In a case before the U.S. Court of Appeals for the District of Columbia Circuit, a group of small business owners argued that the law authorizes subsidies only for people who buy insurance on exchanges established by the states.
The ruling, which will likely be appealed by the Obama administration, meshes with ongoing Republican attempts to cripple or repeal the landmark law that the president signed in 2010 in a campaign to dramatically reduce the number of Americans who are uninsured because the high cost of coverage. The law also mandated that insurance companies could no longer deny coverage to people who already have medical conditions or drop coverage when a person became ill.
Republicans believe the law is too intrusive into the lives of Americans in that it forces then to buy health insurance or pay a penalty.
The White House said health subsidies would continue to flow for the time being. Presidential spokesman Josh Earnest said the court ruling, while it continues working through the system, has "no practical impact" on tax credits for those who used the federal rather than state systems.
The divided appeals court that sits in the nation's capital ruled 2-1 on a case that could mean premium increases for more than half the 8 million Americans who have purchased taxpayer-subsidized coverage under the law. The ruling affects consumers who bought coverage in the 36 states served by the federal insurance marketplace, or exchange. It would not affect those who bought coverage under state-run insurance exchanges.
The majority opinion concluded that the law, as written, "unambiguously" restricts subsides to consumers in exchanges established by a state. That would invalidate an Internal Revenue Service regulation that tried to sort out confusing wording in the law by concluding that Congress intended for consumers in all 50 states to have subsidized coverage.
The health care overhaul legislation was passed when Obama's Democrats controlled both houses of Congress. But if the appeals court ruling should stand, amending the law would be nearly impossible in today's partisan climate and with Republicans in control of the House.
The issue is crucial to the success of the health law because most states have been unable or unwilling to set up their own exchanges. The inaction stems in many instances from opposition by Republican governors to the Affordable Care Act.
The small business owners filing the lawsuit say the tax credits enacted by Congress were intended to encourage states to set up their own health benefit exchanges and that the penalty for not doing so was withdrawal of tax credits for lower-income residents.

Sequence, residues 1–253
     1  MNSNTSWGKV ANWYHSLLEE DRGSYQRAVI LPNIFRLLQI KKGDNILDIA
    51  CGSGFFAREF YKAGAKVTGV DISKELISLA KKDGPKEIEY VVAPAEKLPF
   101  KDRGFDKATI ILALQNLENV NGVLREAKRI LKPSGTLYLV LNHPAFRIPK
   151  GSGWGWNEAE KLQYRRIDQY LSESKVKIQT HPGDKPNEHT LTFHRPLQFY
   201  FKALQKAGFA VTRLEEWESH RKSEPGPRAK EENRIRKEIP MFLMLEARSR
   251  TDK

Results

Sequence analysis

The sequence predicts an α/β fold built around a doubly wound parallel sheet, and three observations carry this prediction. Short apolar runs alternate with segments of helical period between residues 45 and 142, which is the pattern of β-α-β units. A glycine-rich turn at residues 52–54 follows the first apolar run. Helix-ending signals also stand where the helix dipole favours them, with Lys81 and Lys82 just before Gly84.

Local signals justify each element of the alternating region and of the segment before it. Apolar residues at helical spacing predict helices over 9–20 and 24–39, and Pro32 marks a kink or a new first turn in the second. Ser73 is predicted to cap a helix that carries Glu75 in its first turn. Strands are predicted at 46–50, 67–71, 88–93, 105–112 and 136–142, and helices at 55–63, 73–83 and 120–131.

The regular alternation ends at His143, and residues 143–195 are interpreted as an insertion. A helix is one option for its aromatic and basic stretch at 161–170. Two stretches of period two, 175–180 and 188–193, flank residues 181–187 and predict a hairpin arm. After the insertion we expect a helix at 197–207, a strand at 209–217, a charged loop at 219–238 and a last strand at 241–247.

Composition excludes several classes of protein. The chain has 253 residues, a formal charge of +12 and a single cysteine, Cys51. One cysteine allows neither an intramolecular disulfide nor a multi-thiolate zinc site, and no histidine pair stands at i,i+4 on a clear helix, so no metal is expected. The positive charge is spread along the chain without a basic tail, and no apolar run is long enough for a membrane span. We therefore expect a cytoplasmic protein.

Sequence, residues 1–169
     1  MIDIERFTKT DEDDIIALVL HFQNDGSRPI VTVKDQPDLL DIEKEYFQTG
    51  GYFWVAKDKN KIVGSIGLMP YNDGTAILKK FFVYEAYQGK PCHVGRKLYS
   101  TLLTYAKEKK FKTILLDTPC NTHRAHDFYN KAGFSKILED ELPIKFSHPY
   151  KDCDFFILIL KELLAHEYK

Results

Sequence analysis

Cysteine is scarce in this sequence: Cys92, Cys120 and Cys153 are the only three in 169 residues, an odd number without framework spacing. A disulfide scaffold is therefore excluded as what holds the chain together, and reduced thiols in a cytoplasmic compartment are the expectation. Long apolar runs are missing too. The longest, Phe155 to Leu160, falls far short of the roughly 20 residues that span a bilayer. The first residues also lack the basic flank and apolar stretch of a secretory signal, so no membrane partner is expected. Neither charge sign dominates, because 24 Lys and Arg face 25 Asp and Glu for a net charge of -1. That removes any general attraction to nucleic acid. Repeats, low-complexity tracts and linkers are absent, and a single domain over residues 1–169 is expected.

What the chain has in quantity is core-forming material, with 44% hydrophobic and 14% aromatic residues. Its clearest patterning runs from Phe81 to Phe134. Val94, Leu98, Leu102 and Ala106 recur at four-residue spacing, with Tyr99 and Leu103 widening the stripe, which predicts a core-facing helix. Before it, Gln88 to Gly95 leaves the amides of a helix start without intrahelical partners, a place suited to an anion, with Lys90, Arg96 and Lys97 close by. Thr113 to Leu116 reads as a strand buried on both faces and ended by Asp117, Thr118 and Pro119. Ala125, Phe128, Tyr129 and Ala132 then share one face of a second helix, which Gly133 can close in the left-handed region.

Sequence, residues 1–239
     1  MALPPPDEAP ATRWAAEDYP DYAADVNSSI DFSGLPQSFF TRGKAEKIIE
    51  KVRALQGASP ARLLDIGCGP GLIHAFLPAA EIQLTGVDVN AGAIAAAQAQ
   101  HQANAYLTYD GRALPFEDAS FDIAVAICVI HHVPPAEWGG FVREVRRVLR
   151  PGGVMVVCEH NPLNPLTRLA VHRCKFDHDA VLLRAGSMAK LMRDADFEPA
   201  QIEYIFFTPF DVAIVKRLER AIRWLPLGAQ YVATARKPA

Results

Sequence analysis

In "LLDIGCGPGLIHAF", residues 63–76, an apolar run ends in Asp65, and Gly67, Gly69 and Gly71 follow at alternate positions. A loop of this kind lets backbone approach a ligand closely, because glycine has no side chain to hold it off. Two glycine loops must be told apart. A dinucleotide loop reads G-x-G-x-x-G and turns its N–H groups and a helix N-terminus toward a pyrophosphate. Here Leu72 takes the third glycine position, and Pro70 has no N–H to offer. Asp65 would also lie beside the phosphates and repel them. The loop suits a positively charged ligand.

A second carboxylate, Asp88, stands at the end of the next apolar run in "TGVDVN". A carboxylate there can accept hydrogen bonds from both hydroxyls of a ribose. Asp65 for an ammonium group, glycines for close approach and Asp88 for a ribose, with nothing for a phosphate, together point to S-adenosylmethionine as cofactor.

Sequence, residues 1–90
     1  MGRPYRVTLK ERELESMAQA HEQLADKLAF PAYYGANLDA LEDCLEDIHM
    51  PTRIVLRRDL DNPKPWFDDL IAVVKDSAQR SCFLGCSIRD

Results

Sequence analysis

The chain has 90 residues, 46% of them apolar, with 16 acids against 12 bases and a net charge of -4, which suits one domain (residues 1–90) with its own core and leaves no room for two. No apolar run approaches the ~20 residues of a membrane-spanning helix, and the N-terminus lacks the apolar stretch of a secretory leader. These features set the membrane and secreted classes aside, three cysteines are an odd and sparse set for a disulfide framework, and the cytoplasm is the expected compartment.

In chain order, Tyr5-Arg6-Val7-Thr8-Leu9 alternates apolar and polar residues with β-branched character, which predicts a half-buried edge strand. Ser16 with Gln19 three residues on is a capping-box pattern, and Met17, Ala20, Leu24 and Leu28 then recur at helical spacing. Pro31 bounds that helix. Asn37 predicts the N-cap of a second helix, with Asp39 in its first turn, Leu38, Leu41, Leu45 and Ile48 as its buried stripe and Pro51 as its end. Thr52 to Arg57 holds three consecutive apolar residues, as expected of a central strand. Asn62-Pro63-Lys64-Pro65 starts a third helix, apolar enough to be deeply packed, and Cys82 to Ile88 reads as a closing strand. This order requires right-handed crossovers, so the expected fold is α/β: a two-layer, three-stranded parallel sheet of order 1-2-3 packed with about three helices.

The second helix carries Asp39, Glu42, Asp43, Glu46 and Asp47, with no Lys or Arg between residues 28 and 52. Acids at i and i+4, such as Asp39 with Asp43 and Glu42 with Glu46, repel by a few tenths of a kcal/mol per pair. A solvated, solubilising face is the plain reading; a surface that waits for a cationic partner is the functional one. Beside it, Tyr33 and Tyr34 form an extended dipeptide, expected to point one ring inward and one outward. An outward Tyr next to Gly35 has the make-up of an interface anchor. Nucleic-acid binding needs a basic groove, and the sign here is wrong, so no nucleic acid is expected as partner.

Supporters of the act say the purpose of the tax credit was not to promote the establishment of state exchanges, but rather to achieve Congress's fundamental purpose of making insurance affordable for all Americans.
The case revolves around four words in the Affordable Care Act, which says the tax credits are available to people who enroll through an exchange "established by the state."
The challengers to the law say a literal reading of that language invalidates the tax agency subsidy to people in the federal exchanges. The opponents say that people who would otherwise qualify for the tax credits should be denied that benefit if they buy insurance on a federally facilitated exchange.
"It is implausible to believe that Congress gave the IRS discretion to authorize $150 billion per year in federal spending, particularly when Congress had directly spoken to this issue," the challengers to the tax subsidy said in a court filing. "Major economic decisions like these — indeed, any decisions granting tax credits — must be made unambiguously by Congress itself."
The Obama administration and congressional and state legislative supporters of the Affordable Care Act say the challengers are failing to consider the words of the statute in its entirety.
"Congress did not provide that the tax credits would only be available to citizens whose states set up their own exchanges," says an appeals court filing by congressional and state legislative supporters of the Affordable Care Act. Congressional lawmakers and state legislators supporting the act said that limiting the subsidies to state exchanges could destabilize important aspects of the law, such as the individual mandate requiring most people to buy insurance.
A lower court had ruled that the law's text, structure, purpose, and legislative history make "clear that Congress intended to make premium tax credits available on both state-run and federally-facilitated Exchanges."
But the appeals court concluded the opposite — that the letter of the law "unambiguously restricts" the law's subsidies to policies sold through exchanges established by the state.